DEA Set To Act Imminently On Five-Year-Old Rescheduling Petition
Washington, DC: The US Drug Enforcement Administration is prepared to respond in the coming months to an administrative petition calling for the reclassification of marijuana as a schedule I prohibited substance.
Replying to a July 2015 inquiry by US Sen. Elizabeth Warren (D-MA) and seven other senators, representatives from the DEA acknowledged that they intend to respond to a five-year-old rescheduling petition, filed by then Governors Christine Gregoire of Washington and Lincoln Chafee of Rhode Island, by this July. The petition, filed in 2011, calls on the agency to initiate proceedings to reclassify cannabis from schedule I of the US Controlled Substances Act to schedule II.
The DEA last decided on a similar rescheduling petition in 2011. The agency rejected that petition, alleging, "At this time, the known risks of marijuana use have not been shown to be outweighed by specific benefits in well-controlled clinical trials that scientifically evaluate safety and efficacy."
In recent years, NORML has advocated in favor of removing cannabis from the Controlled Substances Act, as is already the case with alcohol and tobacco, rather than moving the plant to another schedule.
According to the DEA's letter, a number of federal agencies are also separately considering whether to reclassify the non-psychotropic cannabinoid cannabidiol (CBD) under federal law. "NIDA and FDA have been working to complete an extensive literature review of human and animal studies that have evaluated CBD," the agency wrote. "However, the FDA has indicated that a human abuse liability study may be necessary to make a final assessment on [its] abuse potential."
Sixteen states now explicitly permit by statute the possession of CBD by qualified patients.
Study: Frequent Cannabis Use Protective Against Metabolic Syndrome
Perth, Australia: Frequent cannabis use is associated with significantly lower odds of metabolic syndrome, according to findings published in the journal Psychological Medicine. Metabolic syndrome is a group of risk factors, including high blood pressure, high blood sugar, unhealthy cholesterol levels, and abdominal fat, which are linked to increased risk of heart disease and adult onset diabetes, among other serious health consequences.
Australian researchers assessed the association between cannabis use and metabolic syndrome in a nationally representative random sampling of 1,813 subjects. Metabolic syndrome was identified in 63 percent of non-users (defined as no cannabis use over the past year) compared to only 43.5 percent of frequent users (defined as having used cannabis at least once per week for 52 weeks).
Authors concluded: "Participants who reported using cannabis in the previous 12 months were significantly less likely than non-users to have the metabolic syndrome. This association remained significant for frequent users ... after adjustment for a range of potential confounders, including lifestyle ... and sociodemographic characteristics. ... [T]hese data suggest that (cannabis) may ... have a cardiometabolic protective effect."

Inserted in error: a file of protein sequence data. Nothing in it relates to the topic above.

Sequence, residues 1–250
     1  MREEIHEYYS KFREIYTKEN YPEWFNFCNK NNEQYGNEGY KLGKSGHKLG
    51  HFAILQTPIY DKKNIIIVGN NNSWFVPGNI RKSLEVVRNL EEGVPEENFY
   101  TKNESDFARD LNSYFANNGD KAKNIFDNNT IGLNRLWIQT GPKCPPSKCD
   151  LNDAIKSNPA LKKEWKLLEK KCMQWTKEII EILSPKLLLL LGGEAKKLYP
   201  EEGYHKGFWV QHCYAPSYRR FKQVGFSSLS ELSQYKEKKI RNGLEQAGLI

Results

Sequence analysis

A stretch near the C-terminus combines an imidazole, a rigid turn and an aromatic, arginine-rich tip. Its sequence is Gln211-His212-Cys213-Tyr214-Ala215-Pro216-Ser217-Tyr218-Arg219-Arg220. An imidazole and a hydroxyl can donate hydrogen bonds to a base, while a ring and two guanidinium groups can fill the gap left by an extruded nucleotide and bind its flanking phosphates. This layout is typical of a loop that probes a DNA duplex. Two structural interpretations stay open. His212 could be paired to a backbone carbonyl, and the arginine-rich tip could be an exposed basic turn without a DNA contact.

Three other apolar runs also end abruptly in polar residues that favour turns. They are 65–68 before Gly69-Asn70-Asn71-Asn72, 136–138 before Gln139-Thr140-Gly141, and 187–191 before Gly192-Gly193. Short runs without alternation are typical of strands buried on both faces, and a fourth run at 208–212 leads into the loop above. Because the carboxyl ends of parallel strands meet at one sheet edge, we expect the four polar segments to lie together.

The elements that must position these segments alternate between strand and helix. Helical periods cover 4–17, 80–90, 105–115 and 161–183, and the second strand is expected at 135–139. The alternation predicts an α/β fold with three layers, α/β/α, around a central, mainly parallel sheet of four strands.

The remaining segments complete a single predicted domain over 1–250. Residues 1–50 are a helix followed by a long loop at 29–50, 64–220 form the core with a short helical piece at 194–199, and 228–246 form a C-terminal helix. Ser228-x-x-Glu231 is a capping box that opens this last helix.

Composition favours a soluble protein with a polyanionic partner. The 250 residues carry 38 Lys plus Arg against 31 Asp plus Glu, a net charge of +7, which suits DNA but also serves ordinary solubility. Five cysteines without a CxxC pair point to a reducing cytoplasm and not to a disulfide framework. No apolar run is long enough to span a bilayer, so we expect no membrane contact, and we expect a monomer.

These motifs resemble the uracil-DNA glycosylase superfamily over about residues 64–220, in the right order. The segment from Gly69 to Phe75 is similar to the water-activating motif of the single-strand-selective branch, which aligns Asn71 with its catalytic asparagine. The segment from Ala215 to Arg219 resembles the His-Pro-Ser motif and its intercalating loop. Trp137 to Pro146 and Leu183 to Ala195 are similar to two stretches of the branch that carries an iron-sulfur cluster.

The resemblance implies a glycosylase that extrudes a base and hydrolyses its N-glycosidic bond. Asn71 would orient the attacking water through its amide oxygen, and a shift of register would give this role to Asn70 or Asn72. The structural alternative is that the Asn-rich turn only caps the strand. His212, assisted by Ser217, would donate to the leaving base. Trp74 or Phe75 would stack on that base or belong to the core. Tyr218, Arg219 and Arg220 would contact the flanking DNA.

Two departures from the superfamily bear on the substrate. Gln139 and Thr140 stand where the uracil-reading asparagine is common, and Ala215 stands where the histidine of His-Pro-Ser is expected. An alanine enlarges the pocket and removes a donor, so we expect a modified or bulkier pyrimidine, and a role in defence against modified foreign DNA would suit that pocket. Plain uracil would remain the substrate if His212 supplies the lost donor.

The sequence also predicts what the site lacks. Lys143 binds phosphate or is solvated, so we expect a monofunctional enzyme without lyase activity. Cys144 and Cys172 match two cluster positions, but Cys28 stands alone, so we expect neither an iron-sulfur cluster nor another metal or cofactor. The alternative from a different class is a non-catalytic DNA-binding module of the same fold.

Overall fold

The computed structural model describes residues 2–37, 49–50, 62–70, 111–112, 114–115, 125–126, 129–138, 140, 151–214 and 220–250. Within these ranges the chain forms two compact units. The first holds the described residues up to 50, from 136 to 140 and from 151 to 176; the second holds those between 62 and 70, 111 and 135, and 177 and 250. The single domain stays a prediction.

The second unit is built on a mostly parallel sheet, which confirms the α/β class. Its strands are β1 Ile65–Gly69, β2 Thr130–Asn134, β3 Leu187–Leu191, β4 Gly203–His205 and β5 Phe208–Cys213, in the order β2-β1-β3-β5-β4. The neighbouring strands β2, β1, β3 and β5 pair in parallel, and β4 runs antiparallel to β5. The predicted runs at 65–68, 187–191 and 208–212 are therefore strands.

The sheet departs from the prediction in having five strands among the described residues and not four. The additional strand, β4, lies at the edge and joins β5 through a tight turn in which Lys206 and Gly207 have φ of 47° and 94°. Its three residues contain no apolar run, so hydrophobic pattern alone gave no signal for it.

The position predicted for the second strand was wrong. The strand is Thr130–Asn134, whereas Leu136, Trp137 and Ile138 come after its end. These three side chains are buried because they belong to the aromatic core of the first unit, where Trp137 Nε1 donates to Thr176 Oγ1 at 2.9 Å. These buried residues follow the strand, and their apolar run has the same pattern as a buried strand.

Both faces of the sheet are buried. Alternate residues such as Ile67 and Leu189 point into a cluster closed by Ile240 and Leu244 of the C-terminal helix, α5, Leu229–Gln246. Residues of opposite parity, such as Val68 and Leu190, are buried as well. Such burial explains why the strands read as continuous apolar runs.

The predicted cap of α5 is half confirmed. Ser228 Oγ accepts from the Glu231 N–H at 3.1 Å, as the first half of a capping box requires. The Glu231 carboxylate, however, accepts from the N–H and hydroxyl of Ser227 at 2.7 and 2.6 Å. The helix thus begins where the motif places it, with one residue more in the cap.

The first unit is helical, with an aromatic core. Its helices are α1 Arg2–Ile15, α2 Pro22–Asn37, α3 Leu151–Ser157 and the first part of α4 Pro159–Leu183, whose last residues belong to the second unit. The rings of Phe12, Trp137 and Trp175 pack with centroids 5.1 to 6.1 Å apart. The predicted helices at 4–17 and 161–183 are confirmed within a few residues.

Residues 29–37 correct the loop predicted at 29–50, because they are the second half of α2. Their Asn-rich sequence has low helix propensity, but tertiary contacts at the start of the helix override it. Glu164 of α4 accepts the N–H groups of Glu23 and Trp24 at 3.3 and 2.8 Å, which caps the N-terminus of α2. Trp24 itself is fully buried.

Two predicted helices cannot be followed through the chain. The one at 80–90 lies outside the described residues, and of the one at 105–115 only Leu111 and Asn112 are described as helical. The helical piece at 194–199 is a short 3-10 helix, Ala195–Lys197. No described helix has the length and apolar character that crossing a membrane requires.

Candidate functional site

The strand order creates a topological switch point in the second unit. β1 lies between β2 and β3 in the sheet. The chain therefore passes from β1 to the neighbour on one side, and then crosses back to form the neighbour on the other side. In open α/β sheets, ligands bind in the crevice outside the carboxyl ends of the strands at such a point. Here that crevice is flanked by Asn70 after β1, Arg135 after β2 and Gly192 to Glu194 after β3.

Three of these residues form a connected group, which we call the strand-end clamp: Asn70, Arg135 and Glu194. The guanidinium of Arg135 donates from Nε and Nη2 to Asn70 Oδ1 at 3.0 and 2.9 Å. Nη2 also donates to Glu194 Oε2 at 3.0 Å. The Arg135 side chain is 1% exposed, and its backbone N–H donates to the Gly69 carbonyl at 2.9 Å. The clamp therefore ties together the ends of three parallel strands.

A 2015 assessment of US cannabis consumers and non-users published in The American Journal of Medicine previously reported that those who consume cannabis are 50 percent less likely to suffer from metabolic syndrome as compared to those who do not. The findings are consistent with those of previous observational studies showing an inverse relationship between cannabis use and diabetic markers, and support population data documenting that those who use cannabis typically posses smaller waist circumference and lower body mass index as compared to abstainers.
Full text of the study, "Metabolic syndrome in people with a psychotic illness: is cannabis protective," appears in Psychological Medicine.
Virginia: Governor Signs Bill To Regulate CBD Oil Production
Richmond, VA: Governor Terry McAuliff has signed legislation, Senate Bill 701, to establish regulations governing the in-state production of therapeutic oils high in cannabidiol (CBD) and/or THC-A (THC acid).
Under a 2015 state law, qualifying patients are provided an affirmative medical defense if they possess cannabis plant extracts that contain at least 15 percent cannabidiol, and no more than five percent tetrahydrocannabinol. However, the law provides no legal source for these products and, as a result, it has largely failed to meet the needs of patients.
Senate Bill 701 requires the state Board of Pharmacy to adopt regulations establishing health, safety, and security requirements for pharmaceutical processors of oils high in CBD and/or THC-A.
Laws in more than a dozen states explicitly exempt criminal prosecution for qualified patients who possess CBD extracts. However, only three of these states - Florida, Missouri, and Texas - provide statutory language regulating the in-state production of these products. This week, regulators at the Missouri Department of Agriculture granted licenses to two applicants seeking to grow CBD-dominant cannabis. Their products are anticipated to be ready for distribution this fall to state-qualified patients.